Zuma must stop ‘scapegoat politics’ – Mulder

2015-02-18 17:00

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President Jacob Zuma is playing with fire by singling out minorities, Freedom Front Plus leader Pieter Mulder has warned.

Speaking during a joint-sitting debate on last week’s state of the nation address, Mulder accused Zuma and his party of resorting to “scapegoat politics” to stem their losses.

“The Honourable President says a man called Jan van Riebeeck arrived here, and that was the start of problems in the country. I can prove the president is wrong. But what did he say in plain language? He said, when white people arrived here, the trouble started,” Mulder said.

“What is the understanding of ordinary ANC supporters? They understand that if one gets rid of the white man, all problems are solved. Get rid of the cockroaches and all problems go away.”

Mulder was referring to remarks made by Zuma at an ANC fundraiser in Cape Town last month, where he said “all the trouble began” in 1652, when Van Riebeeck landed at the Cape.

The SA Human Rights Commission today confirmed it is investigating complaints of hate speech against Zuma for those comments. The Freedom Front Plus laid a complaint against Zuma last month.

Today, Mulder told Zuma to stop such scapegoat politics.

“I and the majority of Afrikaners and English-speaking white people, and all other minorities who call South Africa home, will not allow someone else to decide whether we are African and whether we are patriotic.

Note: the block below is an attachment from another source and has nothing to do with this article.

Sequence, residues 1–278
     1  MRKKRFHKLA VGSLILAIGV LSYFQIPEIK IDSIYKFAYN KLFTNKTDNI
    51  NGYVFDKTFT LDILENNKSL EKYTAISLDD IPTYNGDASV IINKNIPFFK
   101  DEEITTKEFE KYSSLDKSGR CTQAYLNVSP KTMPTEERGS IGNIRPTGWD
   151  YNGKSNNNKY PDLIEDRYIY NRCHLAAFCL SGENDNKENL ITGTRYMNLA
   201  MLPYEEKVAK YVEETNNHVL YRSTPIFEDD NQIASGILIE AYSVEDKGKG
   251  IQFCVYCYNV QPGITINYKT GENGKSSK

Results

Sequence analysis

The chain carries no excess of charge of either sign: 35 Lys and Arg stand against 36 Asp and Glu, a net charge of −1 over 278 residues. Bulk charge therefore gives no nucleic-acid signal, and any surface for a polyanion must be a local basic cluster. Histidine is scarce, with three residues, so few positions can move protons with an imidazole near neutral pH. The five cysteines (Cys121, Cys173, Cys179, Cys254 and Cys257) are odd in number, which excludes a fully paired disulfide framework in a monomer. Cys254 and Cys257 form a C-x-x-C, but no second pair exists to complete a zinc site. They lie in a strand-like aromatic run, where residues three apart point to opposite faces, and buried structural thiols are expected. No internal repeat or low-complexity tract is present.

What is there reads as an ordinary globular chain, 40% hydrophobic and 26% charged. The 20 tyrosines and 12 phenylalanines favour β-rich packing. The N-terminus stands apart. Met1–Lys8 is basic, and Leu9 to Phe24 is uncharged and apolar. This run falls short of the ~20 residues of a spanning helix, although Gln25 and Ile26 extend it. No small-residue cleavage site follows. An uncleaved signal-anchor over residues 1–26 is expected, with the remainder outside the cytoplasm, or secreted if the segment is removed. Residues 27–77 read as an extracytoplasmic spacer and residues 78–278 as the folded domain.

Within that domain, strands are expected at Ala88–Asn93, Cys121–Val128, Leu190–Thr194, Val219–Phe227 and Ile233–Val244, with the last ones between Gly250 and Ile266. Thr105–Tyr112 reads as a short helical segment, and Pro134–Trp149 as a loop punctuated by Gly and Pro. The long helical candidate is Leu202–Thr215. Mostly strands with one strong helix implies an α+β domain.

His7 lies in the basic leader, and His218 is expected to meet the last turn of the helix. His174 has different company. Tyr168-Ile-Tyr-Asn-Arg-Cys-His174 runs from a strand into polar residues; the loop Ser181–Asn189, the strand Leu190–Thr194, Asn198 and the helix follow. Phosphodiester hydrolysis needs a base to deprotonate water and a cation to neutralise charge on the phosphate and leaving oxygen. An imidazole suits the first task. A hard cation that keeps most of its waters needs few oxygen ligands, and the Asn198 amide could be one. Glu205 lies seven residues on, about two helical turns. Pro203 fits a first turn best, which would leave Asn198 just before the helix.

“Honourable President, stop scapegoat politics. You are setting a bad example. It’s exactly the opposite of what [former] president Nelson Mandela did. You are playing with fire in a country that needs little to set it alight.”

He questioned the ANC’s commitment to the Constitution, and whether the ruling party would hand over power peacefully if it lost an election.

“Does the ANC really believe in the Constitution and democratic principles? I say no.”

He told Zuma: “You are currently the problem. Please leave scapegoat politics. Respect democratic values and stop attacking and driving me, as an Afrikaner, and other groups away.

“You will not get rid of us. And you will not solve the problems of the country without us.”

Calling for co-operation among all groups, he said South Africa was going in the wrong direction “to the benefit of none”.

On Zuma’s pronouncement, during his address last Thursday, that foreign nationals will not be allowed to own land in South Africa, Mulder said figures suggested foreigners only owned about two percent of the land.

“Figures show that foreigners own about two percent of the land, but their investment, their job creation and contribution to tax are much more than that.”

Switching to Afrikaans, he criticised government’s proposal to put a 12 000 hectare ceiling on land ownership, saying this threatened to destroy agriculture and threatened food security.

Earlier in the debate, Agriculture, Forestry and Fisheries Deputy Minister Bheki Cele spelled out what the 12 000 hectare ceiling meant.

“I want to reassure the house that the ceiling of 12 000 hectares does not mean that we will be procuring 12 000 hectares of land for each land reform applicant.

“This is a maximum ceiling set to include all commodities. We are aware that 12 000 hectares exceeds the average farm size. But as you may know, economies of scale differ among various production systems, eg grazing land for livestock producers need much more land than wine or maize producers.

“The 12 000 hectare ceiling is meant to cover all producers,” he said.

Cele said government’s plan to “protect” land against foreign ownership was not internationally unique.

“This, Honourable Members, is not a unique practice; many other countries in the world are advanced in this phenomenon.”

“[In] the Republic of Ireland, foreigners (except those with seven years continuous residence) are required to obtain the permission of the land commission to purchase land, or hold a lease, mortgage or contractual interest, such as an option, in agricultural land.”

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